State government has awarded Bedford a $500,000 grant that will help finance the design of expanded sewer capacity, plus an improved water main connection with Burlington, both along the Middlesex Turnpike corridor.
Town Manager Sarah Stanton said on Wednesday the award, under the state’s MassWorks program, will be augmented by federal funds through the American Rescue Plan Act. Water and sewer infrastructure is a permitted use for ARPA funds.
Stanton said she hopes design work can begin early next year.
The expanded sewer capacity is needed to accommodate the manufacturing needs of Ultragenyx and similar life-sciences firms at the northern end of Middlesex Turnpike. “You want infrastructure that supports this type of development,” Stanton said. “Ultragenyx and the Gutierrez Co. will be contributing supplemental funds.” Gutierrez is the developer of the Bedford Woods industrial park.
Stanton said the water infrastructure project will strengthen the connection between Bedford and Burlington, which she said will improve water quality and pressure by providing an additional source of metropolitan water.
Burlington is preparing to convert to reliance on the Metropolitan Water Resources Authority for its supply. Bedford receives MWRA water through Lexington, with links on The Great Road and near Page Road.
Stanton said the grant is “part of the Community One Stop for Growth program, a streamlined application process that combines multiple state grant programs that support local infrastructure programs that support economic development.”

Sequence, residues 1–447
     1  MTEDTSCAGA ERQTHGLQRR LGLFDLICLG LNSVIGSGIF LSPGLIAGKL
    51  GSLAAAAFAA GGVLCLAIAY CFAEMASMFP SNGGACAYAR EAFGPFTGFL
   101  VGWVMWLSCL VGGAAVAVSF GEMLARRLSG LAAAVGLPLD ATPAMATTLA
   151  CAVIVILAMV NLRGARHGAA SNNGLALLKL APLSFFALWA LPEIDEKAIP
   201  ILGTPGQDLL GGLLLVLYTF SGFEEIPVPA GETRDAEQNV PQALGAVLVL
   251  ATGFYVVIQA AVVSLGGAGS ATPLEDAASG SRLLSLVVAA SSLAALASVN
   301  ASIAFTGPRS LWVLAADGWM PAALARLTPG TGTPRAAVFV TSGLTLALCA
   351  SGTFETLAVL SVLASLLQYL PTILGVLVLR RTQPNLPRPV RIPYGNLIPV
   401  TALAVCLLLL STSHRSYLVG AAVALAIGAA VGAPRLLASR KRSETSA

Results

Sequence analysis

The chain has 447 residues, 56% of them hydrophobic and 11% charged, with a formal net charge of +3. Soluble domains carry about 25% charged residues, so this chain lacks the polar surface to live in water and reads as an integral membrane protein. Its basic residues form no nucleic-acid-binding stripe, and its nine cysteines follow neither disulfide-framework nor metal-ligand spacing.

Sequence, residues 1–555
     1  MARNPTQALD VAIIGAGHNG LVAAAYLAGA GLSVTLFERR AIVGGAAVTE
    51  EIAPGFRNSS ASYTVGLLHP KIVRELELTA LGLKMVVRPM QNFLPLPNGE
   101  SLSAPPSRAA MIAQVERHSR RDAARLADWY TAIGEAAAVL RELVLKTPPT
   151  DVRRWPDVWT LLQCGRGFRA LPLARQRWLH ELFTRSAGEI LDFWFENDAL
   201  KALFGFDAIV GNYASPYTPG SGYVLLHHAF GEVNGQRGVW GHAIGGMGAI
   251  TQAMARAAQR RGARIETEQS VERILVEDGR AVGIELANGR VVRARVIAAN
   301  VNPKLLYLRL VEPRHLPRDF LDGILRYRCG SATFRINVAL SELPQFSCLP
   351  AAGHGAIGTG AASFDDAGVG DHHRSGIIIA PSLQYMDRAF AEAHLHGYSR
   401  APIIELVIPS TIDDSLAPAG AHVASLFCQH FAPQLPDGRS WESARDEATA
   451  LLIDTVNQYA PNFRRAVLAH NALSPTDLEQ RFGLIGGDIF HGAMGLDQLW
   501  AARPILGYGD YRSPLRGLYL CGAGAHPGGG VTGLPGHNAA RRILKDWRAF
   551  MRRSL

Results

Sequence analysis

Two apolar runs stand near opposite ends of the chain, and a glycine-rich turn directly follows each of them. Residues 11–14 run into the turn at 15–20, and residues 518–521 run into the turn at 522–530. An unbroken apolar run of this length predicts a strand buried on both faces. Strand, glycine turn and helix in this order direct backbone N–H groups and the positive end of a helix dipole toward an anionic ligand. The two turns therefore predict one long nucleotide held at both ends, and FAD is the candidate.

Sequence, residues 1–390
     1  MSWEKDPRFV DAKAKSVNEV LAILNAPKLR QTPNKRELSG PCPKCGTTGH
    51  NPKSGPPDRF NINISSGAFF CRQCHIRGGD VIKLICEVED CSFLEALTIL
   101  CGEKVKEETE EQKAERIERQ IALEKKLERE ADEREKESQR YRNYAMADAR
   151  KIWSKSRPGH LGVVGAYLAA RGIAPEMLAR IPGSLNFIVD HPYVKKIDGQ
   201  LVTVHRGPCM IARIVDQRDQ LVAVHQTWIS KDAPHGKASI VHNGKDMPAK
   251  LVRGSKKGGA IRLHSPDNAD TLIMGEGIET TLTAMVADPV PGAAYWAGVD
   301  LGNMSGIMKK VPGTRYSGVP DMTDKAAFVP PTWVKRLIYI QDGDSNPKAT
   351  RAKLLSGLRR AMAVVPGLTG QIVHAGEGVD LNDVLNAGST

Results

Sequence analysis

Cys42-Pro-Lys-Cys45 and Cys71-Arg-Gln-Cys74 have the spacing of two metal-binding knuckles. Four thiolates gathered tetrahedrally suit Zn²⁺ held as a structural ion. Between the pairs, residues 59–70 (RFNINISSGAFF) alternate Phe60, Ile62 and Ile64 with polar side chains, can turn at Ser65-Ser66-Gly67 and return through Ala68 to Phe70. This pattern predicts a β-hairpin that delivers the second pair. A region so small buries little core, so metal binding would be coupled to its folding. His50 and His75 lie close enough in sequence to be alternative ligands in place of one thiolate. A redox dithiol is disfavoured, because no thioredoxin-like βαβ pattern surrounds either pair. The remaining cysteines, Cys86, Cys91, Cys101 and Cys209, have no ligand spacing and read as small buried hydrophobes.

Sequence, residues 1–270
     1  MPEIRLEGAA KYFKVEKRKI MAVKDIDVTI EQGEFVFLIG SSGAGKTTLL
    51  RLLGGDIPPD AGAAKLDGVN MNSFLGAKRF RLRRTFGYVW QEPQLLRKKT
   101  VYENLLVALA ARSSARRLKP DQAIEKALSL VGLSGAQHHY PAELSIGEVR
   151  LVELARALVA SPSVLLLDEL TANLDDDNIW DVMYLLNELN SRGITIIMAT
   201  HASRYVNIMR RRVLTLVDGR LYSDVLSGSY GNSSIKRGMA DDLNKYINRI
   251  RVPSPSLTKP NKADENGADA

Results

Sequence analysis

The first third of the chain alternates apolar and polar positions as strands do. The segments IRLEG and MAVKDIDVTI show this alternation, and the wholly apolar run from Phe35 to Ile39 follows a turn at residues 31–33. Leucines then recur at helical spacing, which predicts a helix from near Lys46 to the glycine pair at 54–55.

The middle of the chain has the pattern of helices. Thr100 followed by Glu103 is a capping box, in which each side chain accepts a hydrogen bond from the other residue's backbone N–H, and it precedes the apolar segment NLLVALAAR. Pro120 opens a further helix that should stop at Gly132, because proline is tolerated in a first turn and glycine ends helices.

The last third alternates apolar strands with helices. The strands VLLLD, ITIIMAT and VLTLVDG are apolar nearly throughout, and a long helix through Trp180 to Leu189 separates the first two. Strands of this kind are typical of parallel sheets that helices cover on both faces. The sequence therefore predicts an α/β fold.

The official announcement credited the administration of Gov. Charlie Baker and Lt. Gov. Karen Polito. The town manager said she also thanks State Sen. Mike Barrett and State Rep. Ken Gordon “for their legislative support of the MassWorks program.”
Last summer the Select Board approved a $97,000 contract to analyze the need and investigate minimizing disruption of the ongoing widening of Middlesex Turnpike, a state-funded project that has spanned two decades. One objective of the road improvement is to attract firms like Ultragenyx.
Ultragenyx is expected to be numbered among the town’s biggest taxpayers. Estimated real estate and personal property taxes for the next nine years are almost $3.75 million, according to town projections.
Mike Rosenberg can be reached at firstname.lastname@example.org, or 781-983-1763